Chocolates, dry fruits, a combination of the two and why not the very French speciality macarons which are a more a sophisticated combination of almonds and chocolates (also available in Vegan variety) and which all have a longer shelf life are a perfect answer to the requirements of this festive season.
The writer is executive chairman of L’Opéra.
What Shah Jahan’s got to do with Agra’s petha
Coming back from Agra without your box of pethas is almost blasphemous as visiting the city for the first time and not visiting the Taj or Fatehpur Sikri. The Agra experience is not complete without gorging on this sweetmeat made with cubes or cylinders of ash gourd (white pumpkin), first soaked in slaked lime (chuna) and then soaked overnight in sugar syrup slowcooked with milk on coal fire.
When I was a child, this was the only variety available, but today, you get pethas in as many variations as you can imagine, including the saffron-laced angoori and the ones that are served like betel leaves or come doused in chocolate, or are dusted with coconut flakes. Apparently, more than 70 varieties of petha are made in the 700-plus units around Noori Gate that feed India’s burgeoning appetite for Agra’s signature sweetmeat.
It is said that it was Emperor Shah Jahan who had decreed the invention of a sweetmeat as white as the marbles used to build the Taj. He had issued the diktat in response to the complaint of the 20,000- plus worker employed at the building site that their diet was getting monotonous. When the Emperor brought this matter up with the master architect, Ustad Isa Effendi, the latter went to a local pir for a solution. The pir, as the story goes, got the recipe from the Almighty in a dream. He then went ahead and taught his team of 500 cooks how to make petha and it was an instant hit.
It may make for a good dinner-table story, but Agra’s petha acquired its iconic status because of the hard work and talent of Seth Pancham Lal Goyal, who was fondly known as Panchhi, who, at the age of 24, launched his business more than 70 years ago with one store at Noori Gate. Today, Agra has a Panchhi Petha at every street corner, but the one at Sadar Bazar, if the local residents are to be believed, still sells the real McCoy.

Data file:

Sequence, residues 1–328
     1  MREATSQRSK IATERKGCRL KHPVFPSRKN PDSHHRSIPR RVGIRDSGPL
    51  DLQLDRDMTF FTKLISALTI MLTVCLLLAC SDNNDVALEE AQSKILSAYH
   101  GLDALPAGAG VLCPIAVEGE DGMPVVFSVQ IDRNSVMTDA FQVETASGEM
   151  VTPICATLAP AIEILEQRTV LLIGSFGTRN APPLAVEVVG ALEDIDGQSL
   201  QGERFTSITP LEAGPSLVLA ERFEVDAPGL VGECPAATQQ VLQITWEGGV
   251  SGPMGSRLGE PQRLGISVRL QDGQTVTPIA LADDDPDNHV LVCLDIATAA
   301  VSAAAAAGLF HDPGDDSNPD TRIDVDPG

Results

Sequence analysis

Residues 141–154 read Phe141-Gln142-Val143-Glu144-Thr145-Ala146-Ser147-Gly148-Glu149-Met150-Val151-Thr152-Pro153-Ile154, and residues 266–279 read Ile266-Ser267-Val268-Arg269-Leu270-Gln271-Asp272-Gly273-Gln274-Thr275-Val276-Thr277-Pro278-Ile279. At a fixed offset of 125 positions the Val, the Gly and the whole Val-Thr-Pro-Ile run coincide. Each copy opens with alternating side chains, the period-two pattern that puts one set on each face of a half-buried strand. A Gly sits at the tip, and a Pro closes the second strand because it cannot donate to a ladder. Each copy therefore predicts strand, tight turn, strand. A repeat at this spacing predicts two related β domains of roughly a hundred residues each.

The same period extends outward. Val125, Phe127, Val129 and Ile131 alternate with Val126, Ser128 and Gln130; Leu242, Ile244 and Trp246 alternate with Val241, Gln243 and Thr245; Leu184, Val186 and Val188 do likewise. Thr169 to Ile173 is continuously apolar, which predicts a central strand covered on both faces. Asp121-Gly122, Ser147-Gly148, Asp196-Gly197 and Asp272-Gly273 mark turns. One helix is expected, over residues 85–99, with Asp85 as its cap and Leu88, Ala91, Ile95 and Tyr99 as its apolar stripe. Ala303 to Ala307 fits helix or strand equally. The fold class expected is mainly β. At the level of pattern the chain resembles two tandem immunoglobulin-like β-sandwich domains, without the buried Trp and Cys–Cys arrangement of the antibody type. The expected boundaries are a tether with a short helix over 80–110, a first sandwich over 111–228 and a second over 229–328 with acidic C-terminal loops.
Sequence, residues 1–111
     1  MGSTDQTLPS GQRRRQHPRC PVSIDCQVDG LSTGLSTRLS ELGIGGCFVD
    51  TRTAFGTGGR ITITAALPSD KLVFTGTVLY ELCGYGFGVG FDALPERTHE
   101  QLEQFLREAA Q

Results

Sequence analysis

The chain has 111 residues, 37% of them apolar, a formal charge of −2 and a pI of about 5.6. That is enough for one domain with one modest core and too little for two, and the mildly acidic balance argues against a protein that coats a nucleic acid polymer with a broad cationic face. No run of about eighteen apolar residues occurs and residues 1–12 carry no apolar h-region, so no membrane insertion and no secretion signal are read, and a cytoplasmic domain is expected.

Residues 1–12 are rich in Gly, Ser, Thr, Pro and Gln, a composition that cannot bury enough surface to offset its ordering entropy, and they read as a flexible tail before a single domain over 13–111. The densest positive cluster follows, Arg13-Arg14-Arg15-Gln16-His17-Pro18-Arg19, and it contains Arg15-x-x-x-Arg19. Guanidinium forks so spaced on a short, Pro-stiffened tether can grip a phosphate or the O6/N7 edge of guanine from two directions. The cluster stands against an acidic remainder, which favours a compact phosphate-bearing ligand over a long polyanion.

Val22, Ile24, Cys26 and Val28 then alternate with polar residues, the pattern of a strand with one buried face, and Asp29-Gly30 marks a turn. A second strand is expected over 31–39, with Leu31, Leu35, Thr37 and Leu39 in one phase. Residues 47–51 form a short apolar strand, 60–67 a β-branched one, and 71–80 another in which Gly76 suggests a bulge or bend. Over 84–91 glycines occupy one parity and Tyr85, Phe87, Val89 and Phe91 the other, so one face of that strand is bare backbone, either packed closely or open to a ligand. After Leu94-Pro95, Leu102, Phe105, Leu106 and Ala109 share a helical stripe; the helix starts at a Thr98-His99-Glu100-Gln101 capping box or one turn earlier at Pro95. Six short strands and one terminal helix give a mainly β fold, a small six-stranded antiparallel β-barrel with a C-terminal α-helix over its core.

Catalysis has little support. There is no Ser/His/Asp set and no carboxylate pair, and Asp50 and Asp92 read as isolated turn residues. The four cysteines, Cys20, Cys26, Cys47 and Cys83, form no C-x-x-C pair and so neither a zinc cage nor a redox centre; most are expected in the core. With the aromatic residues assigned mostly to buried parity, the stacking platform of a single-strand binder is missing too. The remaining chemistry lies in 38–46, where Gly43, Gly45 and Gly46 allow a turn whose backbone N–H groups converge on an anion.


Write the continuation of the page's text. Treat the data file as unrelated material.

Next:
Agra bounces back as Delhiites descend on it
The best way to unwind in Agra is to find a cosy nook and catch up on essential reading, but if
you wish to get moving, you must not miss its street food, quaint churches and old temples.
For purely personal reasons, I have spent the last two weekends in Agra, where I normally OD on the street food, having lost count of the number of times I have seen the Taj. I wish I could spend as much time at Fatehpur Sikri, which I find so much more engrossing than Shah Jahan’s monumental legacy, but I now love to spend my disposable time at Sadar Bazar and its famous bylane, informally known as the Chatori Gali, and my more recent discovery, Nayi Ki Mandi, the Mughlai food street.
On my last two back-toback visits to Agra, necessitated by an extended family yajna, I had very little time for such edible diversions, but I discovered a thing or two about Agra as it emerges out of the shadow of Covid-19. I met my old friend, Rajat Sethi, General Manager of the ITC Mughal, one of Agra’s two oldest surviving five-star addresses, and I was expecting to find him downcast about the state of his business because of the sharp drop in international tourist arrivals, which seems to be here to stay as a result of the return of the pandemic in the United States and Europe. But he appeared to have no time to regret this substantial loss of business.
One of the heartening fallouts of the extended lockdown has been the rekindling of the desire of Middle Delhi to spend weekends in neighbouring destinations—for just a change of scenery. On long weekends, especially, no one seems to be keen on staying at home. For many of these urban escapees, a long weekend in the past meant an opportunity to head in the direction of Dubai or Bangkok, but now, with people still chary of flying, destinations such as Agra have opened up as weekend hotspots—and how!
With destination weddings in Thailand or Malaysia also ruled out because of the widespread reluctance to fly, Agra has regained its popularity among Delhiites as the go-to place to seal marriages. And with the upper limit for the number of guests allowed at such social occasions being raised from 50 to 200, hotel managers such as Sethi are breathing easy, especially because the period from November to January has 22 auspicious wedding dates. A number of families are also booking hotels for “post-wedding parties” to compensate for their inability to invite all their near and dear ones during the lockdown.